Strand says subsidizing handsets will be the real expense for operators, more so than the actual network equipment. The prices of such handsets will be as key as the usage charge, he thinks.
But both Strand and Schukai agree with Godell that prices on GPRS services will have to come down.
“Operators are trying to determine what is the right price structure,” Schukai says. “I’m sure you’ll see a price model that will be appealing.”
The GPRS prices are considerably higher than Godell estimates Western European mobile Internet subscribers will be using the next five years. According to his estimates, operators’ average revenue per user (ARPU) per year for mobile Internet data in Western Europe will be as little as 2.45 Euros (approximately US$2.25) this year before going to 12.57 Euros in 2003 and 33.26 Euros in 2005. (This figure excludes SMS-revenues). Total data minute revenues per subscriber per year should be 21.30 Euros this year, 46.47 Euros in 2003 and 58.32 Euros in 2005, according to Godell’s calculations.
GPRS price models
In terms of pricing models, NetCom charges a flat fee of NOK 75 (around US$8.45) for the first megabyte. Thereafter users are charged per kilobyte based on 1MB costing NOK 25 (around US$2.78). To get demand started, NetCom is offering free service during its introductory month of February.
Rival Telenor charges a flat fee of NOK 0.10 for each kilobyte up to 1 MB. Thereafter it costs NOK 0.025 per kilobyte. Telenor has said it will revise its prices in July, although it didn't rule out keeping today's prices.
"We will look at the whole picture [of GPRS consumption and revenues] until then. If the prices turn out to be right, we will continue using that," says Esben Tuman Johnsen, a spokesman for Telenor Mobil.
Viag charges DM 0.09 (around US$0.042) for each 10 kilobytes. Additionally there's a flat fee of DM 0.49 per day of usage. From the second quarter, prices change. Then the kilobyte price goes down to DM 0.06 per 10 kilobyte and the daily surcharge is replaced by a flat monthly fee of DM 19.95 (approximately US$9.37)
T-Mobil offers two different options: GPRS Pro and GPRS Eco. GPRS Pro costs DM 0.19 per 10 kilobytes. In addition there's a flat monthly fee of DM 19.95. GPRS Eco costs DM 0.69 per 10 kilobyte and an additional DM 0.49 per day of use.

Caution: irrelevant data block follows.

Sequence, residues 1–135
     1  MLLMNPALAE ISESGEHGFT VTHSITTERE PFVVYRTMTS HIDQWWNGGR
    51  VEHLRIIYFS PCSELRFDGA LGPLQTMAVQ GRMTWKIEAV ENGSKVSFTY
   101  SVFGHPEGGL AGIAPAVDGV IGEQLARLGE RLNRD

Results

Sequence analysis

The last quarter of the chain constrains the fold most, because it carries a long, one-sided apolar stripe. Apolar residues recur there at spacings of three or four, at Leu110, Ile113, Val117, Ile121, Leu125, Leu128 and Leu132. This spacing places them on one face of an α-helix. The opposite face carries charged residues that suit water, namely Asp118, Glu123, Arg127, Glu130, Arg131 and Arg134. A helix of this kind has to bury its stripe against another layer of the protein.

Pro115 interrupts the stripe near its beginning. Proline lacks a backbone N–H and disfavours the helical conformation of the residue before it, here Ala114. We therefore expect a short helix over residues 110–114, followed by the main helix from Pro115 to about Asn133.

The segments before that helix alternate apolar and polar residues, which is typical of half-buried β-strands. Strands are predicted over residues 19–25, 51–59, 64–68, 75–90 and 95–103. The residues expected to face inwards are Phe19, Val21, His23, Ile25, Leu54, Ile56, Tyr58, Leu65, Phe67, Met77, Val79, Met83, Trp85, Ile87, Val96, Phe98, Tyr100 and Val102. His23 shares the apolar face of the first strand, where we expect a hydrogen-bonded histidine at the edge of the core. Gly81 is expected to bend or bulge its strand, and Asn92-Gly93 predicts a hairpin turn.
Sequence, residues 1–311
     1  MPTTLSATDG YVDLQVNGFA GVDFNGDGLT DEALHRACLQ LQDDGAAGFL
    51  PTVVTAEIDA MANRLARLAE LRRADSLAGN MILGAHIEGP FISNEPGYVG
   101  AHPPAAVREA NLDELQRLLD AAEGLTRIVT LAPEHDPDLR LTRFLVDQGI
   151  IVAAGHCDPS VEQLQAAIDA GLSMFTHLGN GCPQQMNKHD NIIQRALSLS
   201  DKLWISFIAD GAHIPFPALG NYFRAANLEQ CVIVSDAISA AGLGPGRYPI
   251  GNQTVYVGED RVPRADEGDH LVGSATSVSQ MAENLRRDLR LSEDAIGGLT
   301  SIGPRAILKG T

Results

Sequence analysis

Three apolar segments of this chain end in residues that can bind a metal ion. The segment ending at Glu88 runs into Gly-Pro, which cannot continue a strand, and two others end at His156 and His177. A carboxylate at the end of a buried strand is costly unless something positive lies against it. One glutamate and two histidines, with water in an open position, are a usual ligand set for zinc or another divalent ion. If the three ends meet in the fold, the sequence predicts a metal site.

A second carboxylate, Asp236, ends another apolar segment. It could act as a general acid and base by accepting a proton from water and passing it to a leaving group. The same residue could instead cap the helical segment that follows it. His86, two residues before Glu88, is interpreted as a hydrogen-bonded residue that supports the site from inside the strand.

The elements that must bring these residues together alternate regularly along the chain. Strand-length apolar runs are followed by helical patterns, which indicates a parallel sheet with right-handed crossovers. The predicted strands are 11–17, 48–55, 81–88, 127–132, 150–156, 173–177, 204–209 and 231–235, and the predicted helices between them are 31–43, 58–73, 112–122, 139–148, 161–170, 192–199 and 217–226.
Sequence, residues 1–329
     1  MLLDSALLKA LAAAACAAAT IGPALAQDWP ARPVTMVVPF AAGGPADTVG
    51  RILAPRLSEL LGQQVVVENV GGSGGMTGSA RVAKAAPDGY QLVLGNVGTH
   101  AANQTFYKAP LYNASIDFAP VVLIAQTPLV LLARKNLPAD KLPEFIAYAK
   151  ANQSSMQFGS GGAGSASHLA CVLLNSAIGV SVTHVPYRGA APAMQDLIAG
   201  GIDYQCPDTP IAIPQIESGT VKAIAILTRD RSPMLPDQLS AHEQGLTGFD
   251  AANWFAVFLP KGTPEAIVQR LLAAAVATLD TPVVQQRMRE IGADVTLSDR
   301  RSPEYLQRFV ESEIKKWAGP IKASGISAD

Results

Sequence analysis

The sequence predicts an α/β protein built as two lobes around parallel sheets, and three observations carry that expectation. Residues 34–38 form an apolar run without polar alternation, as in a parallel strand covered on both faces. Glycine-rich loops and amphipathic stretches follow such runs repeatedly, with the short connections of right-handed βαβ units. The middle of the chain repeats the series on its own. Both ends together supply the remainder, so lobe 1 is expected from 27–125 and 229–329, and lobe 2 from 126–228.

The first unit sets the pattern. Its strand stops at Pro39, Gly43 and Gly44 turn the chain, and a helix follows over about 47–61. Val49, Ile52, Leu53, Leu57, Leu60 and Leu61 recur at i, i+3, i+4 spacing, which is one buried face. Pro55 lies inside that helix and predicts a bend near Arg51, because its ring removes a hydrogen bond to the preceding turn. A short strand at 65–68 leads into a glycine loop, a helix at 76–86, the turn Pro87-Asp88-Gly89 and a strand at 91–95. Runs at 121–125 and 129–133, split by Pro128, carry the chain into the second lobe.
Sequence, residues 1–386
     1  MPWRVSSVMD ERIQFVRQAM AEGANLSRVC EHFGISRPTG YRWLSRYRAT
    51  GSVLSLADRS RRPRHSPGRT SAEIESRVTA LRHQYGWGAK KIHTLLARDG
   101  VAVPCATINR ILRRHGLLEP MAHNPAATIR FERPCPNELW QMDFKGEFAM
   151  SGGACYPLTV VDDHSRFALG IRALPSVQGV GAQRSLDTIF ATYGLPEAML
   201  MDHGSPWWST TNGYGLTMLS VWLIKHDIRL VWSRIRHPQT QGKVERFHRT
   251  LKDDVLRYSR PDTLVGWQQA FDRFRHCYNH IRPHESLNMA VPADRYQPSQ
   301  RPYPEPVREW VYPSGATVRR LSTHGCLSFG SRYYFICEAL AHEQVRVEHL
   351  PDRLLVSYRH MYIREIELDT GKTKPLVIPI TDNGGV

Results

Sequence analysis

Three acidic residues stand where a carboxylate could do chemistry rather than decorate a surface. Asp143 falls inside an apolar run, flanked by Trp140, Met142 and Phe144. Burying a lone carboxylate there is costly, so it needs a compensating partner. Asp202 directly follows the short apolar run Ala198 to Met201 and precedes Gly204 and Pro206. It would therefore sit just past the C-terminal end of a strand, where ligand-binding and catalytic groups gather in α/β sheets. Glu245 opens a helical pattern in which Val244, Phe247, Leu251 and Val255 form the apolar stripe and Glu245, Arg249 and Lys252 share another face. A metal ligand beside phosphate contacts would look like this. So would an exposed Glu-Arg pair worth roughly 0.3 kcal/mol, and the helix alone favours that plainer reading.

Telefonica charges per kilobyte, but gives a gradual discount for each megabyte. For all usage up to the first megabyte, the Spanish operator charges 4 pesetas (approximately US$0.022) per kilobyte. If a user consumes between 1 and 2MB, he pays 3 pesetas per kilobyte. Further price reductions are offered for usage between 2 and 5 MB, 5MB to 10 MB and over 10MB.
Europolitan offers three different GPRS options: GPRS WAP, GPRS Surf and Europolitan Data. GPRS WAP costs SEK 140 (around US$14.20) per megabyte and an additional SEK 155 monthly charge. As of April 1, the monthly fee goes up to SEK 175.
GPRS Surf costs SEK 295 per month. Through March 31st usage per kilobyte will not be charged, but after that date it will cost SEK 20 per MB (on top of the flat monthly fee).
The third option, Europolitan Data, costs 140 per MB. There is no additional charge until April 1, when users also have to pay an additional flat SEK 20 per month.
WAP & messaging cheaper
Even with the relatively high prices for GPRS, there is no doubt that WAP will benefit. Not only will WAP become more user-friendly with GPRS’ always-on technology and faster data transfer speeds, but even the initial prices will make WAP-usage less expensive than without GPRS.
According to a survey in Sweden by Computer Sweden and Mobile Media Group, WAP is about 30 percent less expensive with GPRS than with GSM. Another survey, by the Dagens IT newspaper showed that it’s five to seven times cheaper.
Messaging will also be less expensive. In Norway, for example, Telenor charges NOK 1 for sending an SMS. Sending an e-mail with GPRS will cost a quarter of that, and the length can be more than twice the 160-character limit of SMS-messages.
Joachim Bamrud is an award-winning journalist with 17 years experience as a writer and editor in the United States, Europe and Latin America. Bamrud has worked for various print, broadcast and online media, including Latin Trade, Reuters and UPI. He can be reached at firstname.lastname@example.org.